This afternoon, a group of concerned parents gathered with Representatives and Senators for Governor Patrick’s ceremonial signing of H.52, “An Act to Provide Access to Hearing Aids for Children.” I cannot tell you how many times I heard people at the ceremony saying, “This is such a good bill,” and that’s a testament to the hard work of my colleague Representative Sean Garballey, who was the chief sponsor of H.52.
And it really is a good bill: H.52 plugs a critical gap in early-childhood health care by expanding on a 1998 law that mandates post-natal hearing screenings. While newborns have been screened for hearing loss for more than a decade, insurers were not required to cover the vital medical devices that would restore the gift of sound to these young lives.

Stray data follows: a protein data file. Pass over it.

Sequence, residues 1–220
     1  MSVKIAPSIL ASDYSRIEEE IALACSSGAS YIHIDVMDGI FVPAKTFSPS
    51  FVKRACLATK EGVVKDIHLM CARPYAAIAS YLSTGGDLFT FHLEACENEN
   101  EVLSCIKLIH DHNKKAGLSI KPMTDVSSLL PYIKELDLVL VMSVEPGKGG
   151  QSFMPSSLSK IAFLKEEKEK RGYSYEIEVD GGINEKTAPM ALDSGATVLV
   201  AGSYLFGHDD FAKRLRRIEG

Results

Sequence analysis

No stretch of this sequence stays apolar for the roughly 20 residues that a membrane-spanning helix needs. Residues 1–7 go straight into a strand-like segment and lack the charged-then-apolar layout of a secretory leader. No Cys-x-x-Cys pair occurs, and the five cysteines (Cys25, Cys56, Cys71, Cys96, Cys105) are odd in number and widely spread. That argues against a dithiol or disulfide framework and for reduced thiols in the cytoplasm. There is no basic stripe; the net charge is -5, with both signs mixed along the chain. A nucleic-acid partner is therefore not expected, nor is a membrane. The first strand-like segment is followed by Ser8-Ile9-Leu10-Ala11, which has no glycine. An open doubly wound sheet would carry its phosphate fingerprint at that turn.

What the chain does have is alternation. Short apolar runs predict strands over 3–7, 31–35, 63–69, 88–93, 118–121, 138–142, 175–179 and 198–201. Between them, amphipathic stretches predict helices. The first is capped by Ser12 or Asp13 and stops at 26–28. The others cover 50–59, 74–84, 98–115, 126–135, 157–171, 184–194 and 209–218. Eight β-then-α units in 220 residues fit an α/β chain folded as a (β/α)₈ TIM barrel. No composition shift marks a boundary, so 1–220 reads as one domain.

I listened today as one mother after another talked about the sorrow they felt when they learned their children faced hearing loss, and the fear they felt when they learned that hearing aids were not covered by their health insurance. One mother, holding the hands of her 6-, 7-, and 8-year-olds, told us how her family faced a $15,000 decision every year, a decision that forced her and her husband to answer questions no parent ever wants to face. With the passage of this bill, that economic uncertainty—that sick, empty feeling in the pit of a parent’s stomach when an unexpected medical bill arrives—is a thing of the past for thousands of Massachusetts families.
As Governor Patrick pointed out, this hearing aid bill is part of a larger decision we all made as a Commonwealth, namely that “health care is a public good,” and one to which we all deserve access. With the passage of this bill, Massachusetts becomes the 20th state nationally to require insurers to cover the cost of hearing aids, and I’m proud to have co-sponsored this piece of legislation